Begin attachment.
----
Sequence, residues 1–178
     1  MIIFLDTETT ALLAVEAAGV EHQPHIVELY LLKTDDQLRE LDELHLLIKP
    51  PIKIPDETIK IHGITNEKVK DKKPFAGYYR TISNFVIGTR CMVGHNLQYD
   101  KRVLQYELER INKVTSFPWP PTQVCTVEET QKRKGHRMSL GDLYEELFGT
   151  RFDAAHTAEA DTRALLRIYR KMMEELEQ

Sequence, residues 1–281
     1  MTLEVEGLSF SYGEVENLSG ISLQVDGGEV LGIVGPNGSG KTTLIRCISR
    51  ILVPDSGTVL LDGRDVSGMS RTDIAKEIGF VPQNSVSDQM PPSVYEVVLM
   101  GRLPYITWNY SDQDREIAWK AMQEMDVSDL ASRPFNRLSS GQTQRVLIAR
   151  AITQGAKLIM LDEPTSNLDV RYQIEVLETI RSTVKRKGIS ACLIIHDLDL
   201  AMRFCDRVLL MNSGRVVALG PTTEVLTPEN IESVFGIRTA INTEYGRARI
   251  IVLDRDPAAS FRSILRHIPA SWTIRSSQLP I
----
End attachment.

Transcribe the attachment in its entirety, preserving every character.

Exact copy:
Sequence, residues 1–178
     1  MIIFLDTETT ALLAVEAAGV EHQPHIVELY LLKTDDQLRE LDELHLLIKP
    51  PIKIPDETIK IHGITNEKVK DKKPFAGYYR TISNFVIGTR CMVGHNLQYD
   101  KRVLQYELER INKVTSFPWP PTQVCTVEET QKRKGHRMSL GDLYEELFGT
   151  RFDAAHTAEA DTRALLRIYR KMMEELEQ

Sequence, residues 1–281
     1  MTLEVEGLSF SYGEVENLSG ISLQVDGGEV LGIVGPNGSG KTTLIRCISR
    51  ILVPDSGTVL LDGRDVSGMS RTDIAKEIGF VPQNSVSDQM PPSVYEVVLM
   101  GRLPYITWNY SDQDREIAWK AMQEMDVSDL ASRPFNRLSS GQTQRVLIAR
   151  AITQGAKLIM LDEPTSNLDV RYQIEVLETI RSTVKRKGIS ACLIIHDLDL
   201  AMRFCDRVLL MNSGRVVALG PTTEVLTPEN IESVFGIRTA INTEYGRARI
   251  IVLDRDPAAS FRSILRHIPA SWTIRSSQLP I